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Maryland women’s basketball rolls past Alabama, 100-64, behind superior depth, will face Texas in Sweet 16

No matter which direction Alabama players looked, their eyes landed on a Maryland player they couldn’t stop.

The deepest women’s basketball team in America was just too dangerous Wednesday.

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No. 2 seed Maryland earned its 14th berth to the Sweet 16 in program history by putting on a start-to-finish clinic in a 100-64 win over No. 7 seed Alabama in San Antonio.

Maryland will face No. 6 seed Texas (20-9), a 71-62 winner over No. 3 seed UCLA on Wednesday night, at 9 p.m. on Sunday.

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The Terps (26-2) surpassed 100 points for the seventh time this season, a program record, and captured their 15th straight win. After routing Mount St. Mary’s by 53 points in the opening round, it’s the first time Maryland has won consecutive NCAA tournament games by 30-plus points in program history, according to the Big Ten Network.

Maryland coach Brenda Frese joked that she feels spoiled, that she and her staff get disappointed when they don’t hit 100 points.

“What I love about this team is they just have continued to keep putting their head down and go to work,” Frese said. “Just really haven’t paid attention to any of that extra noise out there. This group is super competitive, and they just want to get better. … They know what’s at stake now.”

Freshman Angel Reese (St. Frances) starred in Maryland’s demolition derby with 19 points, one of five Terps to score in double figures. Sophomore Faith Masonius had a career-high 16 points, followed by Mimi Collins and Diamond Miller with 13 each and sophomore Ashley Owusu with 10.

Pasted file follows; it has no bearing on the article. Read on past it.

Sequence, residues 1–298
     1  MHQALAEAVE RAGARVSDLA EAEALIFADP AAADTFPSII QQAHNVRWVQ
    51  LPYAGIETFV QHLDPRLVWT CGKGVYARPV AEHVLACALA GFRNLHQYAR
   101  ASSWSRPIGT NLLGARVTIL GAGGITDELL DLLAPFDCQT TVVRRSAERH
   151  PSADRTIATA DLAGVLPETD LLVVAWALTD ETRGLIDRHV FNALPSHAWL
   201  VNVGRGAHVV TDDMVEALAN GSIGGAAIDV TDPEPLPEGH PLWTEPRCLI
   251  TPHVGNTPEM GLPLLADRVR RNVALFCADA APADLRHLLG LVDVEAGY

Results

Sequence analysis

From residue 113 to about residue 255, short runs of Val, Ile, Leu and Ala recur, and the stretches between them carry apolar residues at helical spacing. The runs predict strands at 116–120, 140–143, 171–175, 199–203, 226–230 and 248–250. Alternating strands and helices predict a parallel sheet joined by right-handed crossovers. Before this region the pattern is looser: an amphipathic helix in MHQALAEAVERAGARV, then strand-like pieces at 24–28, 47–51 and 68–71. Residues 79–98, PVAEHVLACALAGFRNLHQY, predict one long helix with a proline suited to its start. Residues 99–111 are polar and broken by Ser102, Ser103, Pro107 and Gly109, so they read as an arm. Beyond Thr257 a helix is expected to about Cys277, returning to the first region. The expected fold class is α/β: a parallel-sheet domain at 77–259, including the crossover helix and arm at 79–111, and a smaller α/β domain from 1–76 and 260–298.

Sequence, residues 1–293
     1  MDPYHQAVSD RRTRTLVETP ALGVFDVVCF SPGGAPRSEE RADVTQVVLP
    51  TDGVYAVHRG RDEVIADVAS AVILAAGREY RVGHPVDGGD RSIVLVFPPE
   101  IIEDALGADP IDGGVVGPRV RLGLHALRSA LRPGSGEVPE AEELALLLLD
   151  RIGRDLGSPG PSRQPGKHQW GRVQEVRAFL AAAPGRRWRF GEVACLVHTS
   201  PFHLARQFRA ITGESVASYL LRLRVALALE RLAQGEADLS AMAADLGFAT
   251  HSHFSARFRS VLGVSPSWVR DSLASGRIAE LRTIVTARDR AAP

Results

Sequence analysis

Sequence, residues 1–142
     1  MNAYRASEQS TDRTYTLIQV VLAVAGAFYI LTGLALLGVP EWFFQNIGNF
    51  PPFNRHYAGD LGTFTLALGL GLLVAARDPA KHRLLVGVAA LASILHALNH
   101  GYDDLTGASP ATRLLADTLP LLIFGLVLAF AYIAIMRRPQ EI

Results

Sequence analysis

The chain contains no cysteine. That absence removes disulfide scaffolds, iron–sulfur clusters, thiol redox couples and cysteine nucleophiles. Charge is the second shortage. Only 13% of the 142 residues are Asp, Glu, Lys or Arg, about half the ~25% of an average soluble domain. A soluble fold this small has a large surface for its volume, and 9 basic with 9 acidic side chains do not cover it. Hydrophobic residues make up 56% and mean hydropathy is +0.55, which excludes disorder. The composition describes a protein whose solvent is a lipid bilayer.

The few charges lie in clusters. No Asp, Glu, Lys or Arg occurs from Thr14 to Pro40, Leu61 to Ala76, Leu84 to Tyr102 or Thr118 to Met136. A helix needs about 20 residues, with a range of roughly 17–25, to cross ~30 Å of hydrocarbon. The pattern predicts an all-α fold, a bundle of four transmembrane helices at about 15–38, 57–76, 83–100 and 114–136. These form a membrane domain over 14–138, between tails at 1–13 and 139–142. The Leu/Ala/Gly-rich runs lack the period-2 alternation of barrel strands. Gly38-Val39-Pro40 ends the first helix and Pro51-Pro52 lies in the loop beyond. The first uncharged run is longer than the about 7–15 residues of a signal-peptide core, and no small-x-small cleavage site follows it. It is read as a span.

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“In an ironic way, when Angel got hurt, it allowed a lot of players to develop their plays. Now, the longer we’ve played, it’s allowed Angel to get back in the fold,” Frese said. “They’re just constantly making the right plays for one another, championship plays. They’re making the game look really easy.”

Maryland shot 61.8% from the field, while Alabama climbed to 42.6% by game’s end, landing 11 points beneath its per-game average.

Bench players poured in nearly half the points for the Terps.

“Obviously, its fun when you’ve got your bench coming out and destroying,” said Masonius, one of the bench players. “We [the bench] got 46 points? That’s a championship team right there.”

Somehow, teams haven’t learned to cover Collins in the first quarter yet.

The Waldorf native earned a reputation over the past few weeks for playing hot as coals in the first 10 minutes, and on Wednesday, she put that knack on display.

Collins exploded for Maryland’s first nine points, kicking off a Terps run that, buoyed by 3-pointers from Katie Benzan and Miller, left Alabama behind at a timeout, 15-6.

Reese came up with a slogan, “all gas, no breaks,” that Maryland put on display, a mindset Frese thinks embodies the way her team has played in the NCAA tournament.

“It’s very important we come out and punch first, and step on the gas,” Masonius said.

Maryland forward Angel Reese (10) reacts after scoring against Alabama in the second round of the NCAA tournament at the Greehey Arena in San Antonio on Wednesday.